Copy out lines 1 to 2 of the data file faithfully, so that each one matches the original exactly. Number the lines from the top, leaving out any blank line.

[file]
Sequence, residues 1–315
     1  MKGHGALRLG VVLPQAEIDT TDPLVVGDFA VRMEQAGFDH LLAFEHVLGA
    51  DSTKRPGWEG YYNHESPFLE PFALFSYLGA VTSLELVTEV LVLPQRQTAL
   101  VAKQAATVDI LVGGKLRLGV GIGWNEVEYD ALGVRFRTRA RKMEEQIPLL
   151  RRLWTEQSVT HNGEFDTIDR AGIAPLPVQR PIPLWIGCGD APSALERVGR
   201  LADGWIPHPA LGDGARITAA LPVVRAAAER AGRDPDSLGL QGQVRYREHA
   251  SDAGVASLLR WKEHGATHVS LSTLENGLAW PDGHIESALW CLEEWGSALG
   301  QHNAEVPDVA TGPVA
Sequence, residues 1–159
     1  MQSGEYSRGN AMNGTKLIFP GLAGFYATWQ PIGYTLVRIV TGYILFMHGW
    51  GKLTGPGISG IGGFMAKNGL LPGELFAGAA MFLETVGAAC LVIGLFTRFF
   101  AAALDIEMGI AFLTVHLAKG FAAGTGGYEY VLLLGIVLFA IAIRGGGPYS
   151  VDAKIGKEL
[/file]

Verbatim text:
Sequence, residues 1–315
     1  MKGHGALRLG VVLPQAEIDT TDPLVVGDFA VRMEQAGFDH LLAFEHVLGA